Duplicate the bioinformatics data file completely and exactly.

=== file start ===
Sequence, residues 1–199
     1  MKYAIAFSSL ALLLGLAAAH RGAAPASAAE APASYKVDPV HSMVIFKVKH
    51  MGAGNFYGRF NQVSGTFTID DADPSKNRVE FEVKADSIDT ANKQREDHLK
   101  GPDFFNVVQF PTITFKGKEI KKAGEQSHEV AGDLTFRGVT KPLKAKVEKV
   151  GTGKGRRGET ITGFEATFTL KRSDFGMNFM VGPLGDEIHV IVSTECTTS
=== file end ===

Sequence, residues 1–199
     1  MKYAIAFSSL ALLLGLAAAH RGAAPASAAE APASYKVDPV HSMVIFKVKH
    51  MGAGNFYGRF NQVSGTFTID DADPSKNRVE FEVKADSIDT ANKQREDHLK
   101  GPDFFNVVQF PTITFKGKEI KKAGEQSHEV AGDLTFRGVT KPLKAKVEKV
   151  GTGKGRRGET ITGFEATFTL KRSDFGMNFM VGPLGDEIHV IVSTECTTS